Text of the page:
throw new NKFException("Customer not added", "The database is full", e);
  }

The third option is highly recommended as it creates a chain of exceptions from the root cause to the highest level exception. This structure makes it possible to perform exception analysis in the upper levels of the application.

Exception Representation Caching

NetKernel attempts to cache resource representations. Sometimes an exception, returned through the kernel as a representation, should not be cached. For example, an exception that reports resource exhaustion should not be cached because a subsequent request could return successfully if allowed to be evaluated by its resolved endpoint.

By default, all exception representations are immediately expired (and therefore not cached). If an accessor knows that all exceptions it could throw are permanent, then it can change the default behavior for its exceptions by calling the declareUnhandledExceptionsExpired(...) method in its constructor. In this example, the endpoint MyEndoint is declaring that all exceptions it throws should not be immediately expired (and potentially cached):

public MyEndpoint()
 {
 declareUnhandledExceptionsExpired(false);
 }

If however you want certain exceptions rather than all of them to be cachable, you can catch those explicitly and create a response from them. This is common when exceptions due to processing or validation errors could be cached but errors due to IO would not be. For example:

void onSource(INKFRequestContext context) throws Exception
{
  try
  {
    //do work
  }
  catch (MyException e)
  { context.createResponseFrom(e);
  }
}

Exception Analysis

When a NKFException is caught it can be analyzed to determine information about the issue and the call-stack context. Methods are provided to retrieve the top-level exception information and the deepest exception information.

InformationTop LevelDeepestReturns
Exception IDgetID()getDeepestID()String
MessagegetMessage()getDeepestMessage()String
Root Cause of this exceptiongetCause()getDeepestCause()Throwable
Location (see below)getLocation()N/AString
Stack Trace (see below)getStackTrace()N/AStackTraceElement[]

The method getLocation() returns a String that contains information about the location where the exception was raised. This is provided to allow language runtime environments to information such as the line number where the exception was raised. The method getStackTrace() returns an array of StackTraceElement instances.

Localization

NetKernel supports localization of exception information. Please contact 1060 Research directly for information about internationalization support.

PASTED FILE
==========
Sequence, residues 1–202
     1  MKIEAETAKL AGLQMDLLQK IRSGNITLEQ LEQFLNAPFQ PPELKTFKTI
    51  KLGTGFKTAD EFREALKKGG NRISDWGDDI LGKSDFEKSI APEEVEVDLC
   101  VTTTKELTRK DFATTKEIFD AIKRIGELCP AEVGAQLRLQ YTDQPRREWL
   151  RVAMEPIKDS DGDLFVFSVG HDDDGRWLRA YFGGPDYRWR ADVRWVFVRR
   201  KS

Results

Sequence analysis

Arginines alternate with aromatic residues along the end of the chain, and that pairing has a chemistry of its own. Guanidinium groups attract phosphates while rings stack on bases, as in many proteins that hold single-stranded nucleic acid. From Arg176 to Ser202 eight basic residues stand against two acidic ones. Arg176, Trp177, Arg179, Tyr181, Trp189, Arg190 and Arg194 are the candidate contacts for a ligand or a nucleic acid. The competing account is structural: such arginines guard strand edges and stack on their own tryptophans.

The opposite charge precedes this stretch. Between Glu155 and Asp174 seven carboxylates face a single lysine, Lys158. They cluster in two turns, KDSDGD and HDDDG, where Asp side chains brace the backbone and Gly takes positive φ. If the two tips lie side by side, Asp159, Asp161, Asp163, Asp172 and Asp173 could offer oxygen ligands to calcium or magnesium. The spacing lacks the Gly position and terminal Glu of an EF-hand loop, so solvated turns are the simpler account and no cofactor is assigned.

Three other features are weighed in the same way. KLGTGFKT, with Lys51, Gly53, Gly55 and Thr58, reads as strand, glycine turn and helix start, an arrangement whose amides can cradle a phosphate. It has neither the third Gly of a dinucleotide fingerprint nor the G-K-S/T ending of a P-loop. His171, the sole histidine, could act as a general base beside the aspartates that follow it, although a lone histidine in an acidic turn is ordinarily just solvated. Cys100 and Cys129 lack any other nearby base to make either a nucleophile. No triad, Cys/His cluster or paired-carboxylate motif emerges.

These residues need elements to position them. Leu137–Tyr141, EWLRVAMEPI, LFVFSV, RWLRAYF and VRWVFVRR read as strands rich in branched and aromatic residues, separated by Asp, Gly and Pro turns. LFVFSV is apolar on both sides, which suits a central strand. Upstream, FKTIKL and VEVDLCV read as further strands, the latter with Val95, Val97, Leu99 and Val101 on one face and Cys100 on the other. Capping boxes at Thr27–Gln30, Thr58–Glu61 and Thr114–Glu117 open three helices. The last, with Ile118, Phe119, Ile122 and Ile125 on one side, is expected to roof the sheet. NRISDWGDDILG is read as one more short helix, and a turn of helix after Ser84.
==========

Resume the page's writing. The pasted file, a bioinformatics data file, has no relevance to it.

Semantic Exception Processing

Frequently applications are designed in multiple tiers or layers with each one focused on a particular level of abstraction. For example, an application might have an integration tier that abstracts the technology used and location of enterprise information. Next would be a domain tier where business resources and services are place and finally a transport / user interface tier adapts various mode of external interaction with the application.

If an exception occurs within the integration tier the semantics may be relevant locally, such as an exception thrown if a database become unavailable. At the next level the database connection issue may have specific meaning for the operation such as "Cannot add customer".

NetKernel provide a means to associate local semantic messages to exceptions as they flow upwards. An exception handler at the top level of an application might view the accumulated messages as a "semantic stack" that should be reported in an email, a log entry, etc. An example "semantic stack" could be:

Unable to place order
Cannot add customer
Database connection failed

A semantic message can be added to an exception using the method addAdditionalField(...) which takes two Strings, a name and a value. In the following code fragments you will see how to add semantic messages and then extract the semantic message stack.

This code shows how to add a semantic message to an exception:

catch(Exception e)
  {
  NKFException nkfe = new NKFException("ID", "message", e);
  nkfe.addAdditionalField("Semantic", "Database connection failed");
  throw nkfe;
  }

At the next level the following code adds the next level in the semantic stack:

catch(Exception e)
  {
  NKFException nkfe = new NKFException("ID", "message", e);
  nkfe.addAdditionalField("Semantic", "Cannot add customer");
  throw nkfe;
  }

and finally:

catch(Exception e)
  {
  NKFException nkfe = new NKFException("ID", "message", e);
  nkfe.addAdditionalField("Semantic", "Unable to place order");
  throw nkfe;
  }

At the top level, the following code catches the exception and extracts the semantic stack.

catch (NKFException nkfe)
  {
  // Convert the exception to an HDS representation
  IHDSNode node = context.transrept(nkfe, IHDSNode.class);

  // Gather all "additional fields" from the exception stack
  IHDSNodeList nodeList = node.getNodes("//field");

  // Process the set of "additional fields"
  for (int i = 0; i < nodeList.size(); i++)
    {
    IHDSNode hds = nodeList.get(i);
    String name = (String)hds.getFirstValue("name");
    String value = (String)hds.getFirstValue("value");
    // Report on the semantic stack. This example prints to the console
    System.out.println("name [" + name + "], value [" + value +"]");
    }
  }